A Day to Remember in London

My spouse Andrea and I recently returned from a 10-day stay in London, celebrating her birthday and our 30th anniversary.  It was our first trip “across the pond” together and we enjoyed it immensely, heightened by the beautiful fall weather we were fortunate to experience there.  We rented a comfortable one-bedroom, basement apartment in the Earl’s Court area of central London, a short walk from fashionable Chelsea, and within easy bus and tube (subway) access to the entire city.

Our visit coincided with Britain’s “Remembrance Day” on Sunday, November 11 (our Veteran’s Day).  The Brits’ “remembrance” focuses mostly on the day of armistice that ended the hostilities of World War One on 11/11/1918.  The country had been marking hundred-year anniversaries of that “Great War” since 2014, and this Remembrance Day was a grand culmination of all the various memorial events that had been going on for the past four years.  We were alerted to the event shortly after we arrived on 11/8, mostly by the red paper poppies that many people wore pinned to their clothing.

On the day itself, the BBC broadcast a solemn, outdoor, morning ceremony of the laying of flowers at the Cenotaph monument in the Whitehall plaza in central London.  The Royal British Legion conducted the ceremony, featuring the royal family and all the the major political leaders of the country, along with representatives of the many Commonwealth countries who had sent soldiers to that war.  Andrea and I were glued to our large screen TV for the event, genuinely impressed with both the “pomp and circumstance” of it as well as the genuine veneration for the fallen.

It was a bright, sunny fall day so afterwards we set out for a hike to explore the nearby areas bordering the Thames river.  We were surprised at a community of houseboats on the river, reminding us of the houseboat community on the Anacostia in downtown Washington.  The Thames is an impressive river – albeit a bit narrower than our Potomac, and with bridges every half-mile or so in central London.  The sky was a brilliant blue with a few billowing white clouds, making for some magnificent vistas.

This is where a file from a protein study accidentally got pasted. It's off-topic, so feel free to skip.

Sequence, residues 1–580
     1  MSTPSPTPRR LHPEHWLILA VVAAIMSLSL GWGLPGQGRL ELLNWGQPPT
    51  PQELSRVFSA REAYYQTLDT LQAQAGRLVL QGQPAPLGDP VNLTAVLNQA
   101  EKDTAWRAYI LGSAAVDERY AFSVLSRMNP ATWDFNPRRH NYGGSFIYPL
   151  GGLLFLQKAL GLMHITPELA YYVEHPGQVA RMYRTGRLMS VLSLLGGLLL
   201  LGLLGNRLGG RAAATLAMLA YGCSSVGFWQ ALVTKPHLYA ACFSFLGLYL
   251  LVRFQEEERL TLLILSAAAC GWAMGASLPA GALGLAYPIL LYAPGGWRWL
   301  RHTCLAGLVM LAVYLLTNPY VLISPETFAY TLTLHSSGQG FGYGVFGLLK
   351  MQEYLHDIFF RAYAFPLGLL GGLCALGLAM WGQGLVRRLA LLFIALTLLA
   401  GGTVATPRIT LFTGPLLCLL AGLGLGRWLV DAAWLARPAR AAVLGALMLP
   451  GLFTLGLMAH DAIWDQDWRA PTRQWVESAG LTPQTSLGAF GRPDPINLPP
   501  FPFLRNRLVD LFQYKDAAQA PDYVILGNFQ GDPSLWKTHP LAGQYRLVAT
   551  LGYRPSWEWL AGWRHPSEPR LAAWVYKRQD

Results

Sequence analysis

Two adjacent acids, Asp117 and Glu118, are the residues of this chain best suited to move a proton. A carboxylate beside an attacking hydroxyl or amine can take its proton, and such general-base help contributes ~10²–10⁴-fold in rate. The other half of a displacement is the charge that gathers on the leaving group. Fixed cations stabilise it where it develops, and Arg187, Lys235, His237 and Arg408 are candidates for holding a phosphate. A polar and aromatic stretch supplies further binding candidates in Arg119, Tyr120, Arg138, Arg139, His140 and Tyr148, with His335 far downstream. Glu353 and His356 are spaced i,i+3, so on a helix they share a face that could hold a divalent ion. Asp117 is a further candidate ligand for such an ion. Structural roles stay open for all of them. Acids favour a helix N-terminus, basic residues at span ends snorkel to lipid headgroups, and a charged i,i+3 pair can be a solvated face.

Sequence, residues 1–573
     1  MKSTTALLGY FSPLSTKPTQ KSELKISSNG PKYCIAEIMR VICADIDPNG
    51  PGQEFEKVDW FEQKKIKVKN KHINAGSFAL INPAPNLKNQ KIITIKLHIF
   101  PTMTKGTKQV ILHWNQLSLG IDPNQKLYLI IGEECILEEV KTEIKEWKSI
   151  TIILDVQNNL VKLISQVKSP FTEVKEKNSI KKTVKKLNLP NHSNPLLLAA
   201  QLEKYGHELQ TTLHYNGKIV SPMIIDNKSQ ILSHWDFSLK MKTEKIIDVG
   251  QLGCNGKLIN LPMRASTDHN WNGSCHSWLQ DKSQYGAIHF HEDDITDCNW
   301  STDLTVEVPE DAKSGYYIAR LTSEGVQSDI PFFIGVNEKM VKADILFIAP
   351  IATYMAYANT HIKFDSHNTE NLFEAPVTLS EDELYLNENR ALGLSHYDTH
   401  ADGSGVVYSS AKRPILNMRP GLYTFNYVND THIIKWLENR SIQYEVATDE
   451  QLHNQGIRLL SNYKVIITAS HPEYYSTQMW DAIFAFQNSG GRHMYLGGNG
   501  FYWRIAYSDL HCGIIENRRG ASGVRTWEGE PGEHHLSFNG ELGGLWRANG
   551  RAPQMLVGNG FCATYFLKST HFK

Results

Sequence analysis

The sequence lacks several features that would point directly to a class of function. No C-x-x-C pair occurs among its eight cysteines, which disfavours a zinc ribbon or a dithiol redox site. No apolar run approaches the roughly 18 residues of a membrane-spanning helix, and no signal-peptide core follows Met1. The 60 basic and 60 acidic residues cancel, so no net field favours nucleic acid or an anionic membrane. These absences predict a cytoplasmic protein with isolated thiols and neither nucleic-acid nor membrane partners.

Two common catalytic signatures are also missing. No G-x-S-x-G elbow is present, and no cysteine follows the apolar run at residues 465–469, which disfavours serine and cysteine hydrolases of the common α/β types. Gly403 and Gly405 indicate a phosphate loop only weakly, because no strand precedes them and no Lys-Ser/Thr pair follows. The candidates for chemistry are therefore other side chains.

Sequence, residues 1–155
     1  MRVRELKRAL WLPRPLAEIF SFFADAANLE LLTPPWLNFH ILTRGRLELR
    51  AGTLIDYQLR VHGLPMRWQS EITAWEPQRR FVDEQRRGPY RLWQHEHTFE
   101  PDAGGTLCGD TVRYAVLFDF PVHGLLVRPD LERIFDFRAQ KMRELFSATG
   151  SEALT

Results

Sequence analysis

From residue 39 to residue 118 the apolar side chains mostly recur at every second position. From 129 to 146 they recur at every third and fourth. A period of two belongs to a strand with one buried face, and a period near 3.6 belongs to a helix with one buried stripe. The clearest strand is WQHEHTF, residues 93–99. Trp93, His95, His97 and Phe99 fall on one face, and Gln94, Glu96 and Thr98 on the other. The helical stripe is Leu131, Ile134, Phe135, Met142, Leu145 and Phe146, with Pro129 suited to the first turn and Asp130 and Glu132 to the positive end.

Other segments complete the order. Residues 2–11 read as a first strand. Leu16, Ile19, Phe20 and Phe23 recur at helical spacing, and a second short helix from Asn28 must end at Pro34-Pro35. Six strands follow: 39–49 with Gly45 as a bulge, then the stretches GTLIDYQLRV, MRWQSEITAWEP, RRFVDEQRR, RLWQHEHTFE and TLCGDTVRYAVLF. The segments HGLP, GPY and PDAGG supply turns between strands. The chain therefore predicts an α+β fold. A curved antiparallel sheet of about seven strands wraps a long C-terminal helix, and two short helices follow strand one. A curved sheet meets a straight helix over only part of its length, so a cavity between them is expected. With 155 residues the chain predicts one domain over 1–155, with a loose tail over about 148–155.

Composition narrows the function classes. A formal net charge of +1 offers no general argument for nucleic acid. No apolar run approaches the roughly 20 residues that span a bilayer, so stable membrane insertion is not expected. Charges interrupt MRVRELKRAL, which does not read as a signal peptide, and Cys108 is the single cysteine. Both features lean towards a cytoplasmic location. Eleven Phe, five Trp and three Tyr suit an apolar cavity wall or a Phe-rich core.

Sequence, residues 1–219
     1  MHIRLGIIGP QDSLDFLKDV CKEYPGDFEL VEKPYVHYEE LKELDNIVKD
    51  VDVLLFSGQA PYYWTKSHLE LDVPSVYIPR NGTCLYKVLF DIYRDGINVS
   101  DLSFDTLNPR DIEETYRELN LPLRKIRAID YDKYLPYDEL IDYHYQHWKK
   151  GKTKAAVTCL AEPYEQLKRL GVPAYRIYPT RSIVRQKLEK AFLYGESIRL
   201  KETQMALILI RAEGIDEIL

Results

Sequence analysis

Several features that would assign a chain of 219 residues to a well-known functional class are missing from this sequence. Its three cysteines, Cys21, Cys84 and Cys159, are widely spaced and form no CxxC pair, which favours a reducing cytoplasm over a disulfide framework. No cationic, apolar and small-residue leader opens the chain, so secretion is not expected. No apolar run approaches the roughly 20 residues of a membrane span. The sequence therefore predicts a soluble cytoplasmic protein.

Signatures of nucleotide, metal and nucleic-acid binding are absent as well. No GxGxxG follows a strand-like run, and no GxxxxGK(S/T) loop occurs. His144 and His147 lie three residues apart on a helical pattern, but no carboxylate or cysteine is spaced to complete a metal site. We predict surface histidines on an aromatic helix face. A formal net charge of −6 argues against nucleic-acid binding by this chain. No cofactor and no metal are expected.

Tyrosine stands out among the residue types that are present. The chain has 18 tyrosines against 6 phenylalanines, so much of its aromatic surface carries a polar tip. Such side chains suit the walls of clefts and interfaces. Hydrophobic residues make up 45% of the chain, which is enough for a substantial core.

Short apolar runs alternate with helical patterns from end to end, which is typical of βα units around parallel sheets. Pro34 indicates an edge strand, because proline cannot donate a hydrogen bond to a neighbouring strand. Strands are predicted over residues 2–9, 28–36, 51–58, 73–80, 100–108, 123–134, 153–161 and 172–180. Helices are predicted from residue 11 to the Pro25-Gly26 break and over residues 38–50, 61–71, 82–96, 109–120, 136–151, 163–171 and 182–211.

We crossed the Battersea Bridge to the southern embankment, enjoying the views and taking lots of photos.  We followed the riverside walking-path east past the Albert Bridge to the entrance to Battersea Park.  It was early afternoon and the narrowly forested riverside park had a constant stream of people of all ages and nationalities strolling on the wide pedestrian path.  We joined the stream of humanity, enjoying the relaxed, Sunday atmosphere and the fabulous views of river, trees, bridges, and the city on the other side.

Within a quarter-mile or so, we noticed a temple-like structure ahead within a grove of trees.  As we got closer, we could see that it was a pagoda, and we went over for a better view of it.  It was built on a surrounding stone platform with stone staircases on each side.  Even from the foot of the platform we could see large golden panels with engravings on each of the four sides.  An informational placard informed us that this was the Battersea Peace Pagoda, built in 1985 by a Japanese Buddhist sect per the last wishes of their dying leader, the Most Venerable Nichidatsu Fujii (1885-1985).  We were struck by the following words of this spiritual leader as engraved on the panel:

“Civilisation is neither to have electric lights, nor airplanes, nor to produce nuclear bombs.

“Civilisation is not to kill human beings, not to destroy things, nor to make war.

“Civilisation is to hold mutual affection and to respect each other.”

Each of the four golden panels near the base of the pagoda were representations of phases in the life of the Buddha, corresponding to the four cardinal directions.  I was most taken with the panel in the west, representing the Buddha’s passage into death.  He lies prone, surrounded by disciples and loved ones, with spiritual entities in the clouds above ready to receive him.

We spent some time taking in the pagoda, with its dramatic perch over the Thames, within a city in the midst of remembering the massive carnage of a world war.  We had planned to attend a Choral Evensong service across the river in Chelsea, so we re-traced our steps back to the Albert Bridge and crossed back over.  The mile-long walk through the city gave us further time to digest the experience.

Evensong is an Anglican religious service comprised of a formal set of prayers and psalms that are often sung.  St. Luke’s church in Chelsea is a towering gothic structure that has been compared to King’s College chapel in Cambridge.  The hour-long choral service we attended there was as beautiful and moving an experience of choral signing as either of us have heard.  The priest announced the theme as the honoring of all those who had fallen in war.  In addition to the gorgeous singing, we were able to take in the beauty and majesty of the church itself.

We were a bit tired by the time we finished our walk back to our flat that evening.  The sun set around 4pm there so it was dark by then as well.  After a brief rest, we had a bite to eat and went back to our TV for the BBC’s coverage of the closing event of Remembrance Day, a formal church service in Westminster Cathedral.  More pomp and circumstance, more beautiful music and stirring words. And yet, what stayed with me the most from that day was the simple message of the Peace Pagoda in Battersea Park.

“Civilisation is to hold mutual affection and to respect each other.”

John Bayerl, 12/2/2018